On the evening of October 19, 2002, Dr. Greg Gulbransen stepped out of his house to move his sport utility vehicle into the driveway. He didn't realize his two-year-old son had followed him.
Recently, we received the following question from a reader:
Technology has brought about a great deal of advancements in new vehicles over the last few years. There are some electric nanny aids that many of us do without, but there are others, like rear backup cameras and warning systems, that proponents suggest could save lives. How many? If the National Highway Traffic Safety Administration's new findings are any indication, quite a few. In 2007 alone, 221 people were killed when vehicles backed up over them, and 99 of those were children under the age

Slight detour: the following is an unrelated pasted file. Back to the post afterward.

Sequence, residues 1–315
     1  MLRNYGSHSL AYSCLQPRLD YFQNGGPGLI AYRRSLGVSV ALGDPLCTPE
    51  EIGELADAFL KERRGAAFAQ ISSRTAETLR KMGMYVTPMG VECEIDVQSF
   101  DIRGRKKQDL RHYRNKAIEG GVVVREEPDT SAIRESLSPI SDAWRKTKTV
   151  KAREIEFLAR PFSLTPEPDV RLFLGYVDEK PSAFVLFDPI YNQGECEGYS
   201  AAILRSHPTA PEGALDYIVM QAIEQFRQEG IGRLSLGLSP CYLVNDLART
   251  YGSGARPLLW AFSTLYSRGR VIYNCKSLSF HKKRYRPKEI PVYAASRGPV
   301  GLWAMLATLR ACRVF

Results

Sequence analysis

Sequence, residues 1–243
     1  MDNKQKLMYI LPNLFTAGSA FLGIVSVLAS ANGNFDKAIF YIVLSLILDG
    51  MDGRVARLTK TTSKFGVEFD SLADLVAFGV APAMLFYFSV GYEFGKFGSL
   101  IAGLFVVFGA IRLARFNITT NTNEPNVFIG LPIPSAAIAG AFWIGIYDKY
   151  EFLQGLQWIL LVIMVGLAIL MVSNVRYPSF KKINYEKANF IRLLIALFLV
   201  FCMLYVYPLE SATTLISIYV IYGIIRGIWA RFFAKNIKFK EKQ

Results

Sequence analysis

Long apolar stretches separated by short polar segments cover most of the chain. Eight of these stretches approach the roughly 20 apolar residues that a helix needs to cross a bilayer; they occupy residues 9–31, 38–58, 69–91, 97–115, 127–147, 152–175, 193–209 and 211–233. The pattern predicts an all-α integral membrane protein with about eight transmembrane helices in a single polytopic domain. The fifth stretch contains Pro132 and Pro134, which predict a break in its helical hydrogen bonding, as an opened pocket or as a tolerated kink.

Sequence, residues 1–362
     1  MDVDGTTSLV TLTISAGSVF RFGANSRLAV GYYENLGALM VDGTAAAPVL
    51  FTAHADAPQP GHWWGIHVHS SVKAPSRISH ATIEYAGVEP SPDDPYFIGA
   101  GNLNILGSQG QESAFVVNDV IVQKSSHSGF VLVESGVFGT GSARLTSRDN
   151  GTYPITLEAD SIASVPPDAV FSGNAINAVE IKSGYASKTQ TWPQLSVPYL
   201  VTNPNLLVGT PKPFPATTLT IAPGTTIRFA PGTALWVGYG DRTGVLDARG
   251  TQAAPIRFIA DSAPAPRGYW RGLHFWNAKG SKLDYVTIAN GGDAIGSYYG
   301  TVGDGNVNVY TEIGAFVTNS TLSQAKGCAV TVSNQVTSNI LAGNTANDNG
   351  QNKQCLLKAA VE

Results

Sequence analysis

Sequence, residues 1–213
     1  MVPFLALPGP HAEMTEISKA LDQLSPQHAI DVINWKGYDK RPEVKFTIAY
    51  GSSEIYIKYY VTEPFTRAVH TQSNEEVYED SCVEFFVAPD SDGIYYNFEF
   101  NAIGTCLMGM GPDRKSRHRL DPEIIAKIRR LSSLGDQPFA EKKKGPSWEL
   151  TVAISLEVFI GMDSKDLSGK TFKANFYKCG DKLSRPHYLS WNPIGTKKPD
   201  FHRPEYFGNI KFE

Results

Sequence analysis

What other automaker would spend the time and expense of developing a new airbag just because, you know, airbags could be better? The same one who developed a new rail car for the same reason. The Japanese automaker has developed a new airbag it claims will give drivers better protection in accidents. The shaped bag uses a spiral seam to induce more even inflation, which provides a larger surface area and creates uniform pressure around the bag more quickly than in a conventional airbag system.